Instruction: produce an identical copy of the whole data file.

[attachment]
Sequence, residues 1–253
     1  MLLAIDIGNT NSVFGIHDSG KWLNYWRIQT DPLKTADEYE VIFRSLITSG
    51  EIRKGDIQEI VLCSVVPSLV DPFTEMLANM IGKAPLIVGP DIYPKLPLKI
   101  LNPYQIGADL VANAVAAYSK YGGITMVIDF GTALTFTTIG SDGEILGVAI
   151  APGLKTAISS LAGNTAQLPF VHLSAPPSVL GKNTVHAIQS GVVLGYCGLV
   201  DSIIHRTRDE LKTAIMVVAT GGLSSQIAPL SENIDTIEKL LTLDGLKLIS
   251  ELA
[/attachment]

Sequence, residues 1–253
     1  MLLAIDIGNT NSVFGIHDSG KWLNYWRIQT DPLKTADEYE VIFRSLITSG
    51  EIRKGDIQEI VLCSVVPSLV DPFTEMLANM IGKAPLIVGP DIYPKLPLKI
   101  LNPYQIGADL VANAVAAYSK YGGITMVIDF GTALTFTTIG SDGEILGVAI
   151  APGLKTAISS LAGNTAQLPF VHLSAPPSVL GKNTVHAIQS GVVLGYCGLV
   201  DSIIHRTRDE LKTAIMVVAT GGLSSQIAPL SENIDTIEKL LTLDGLKLIS
   251  ELA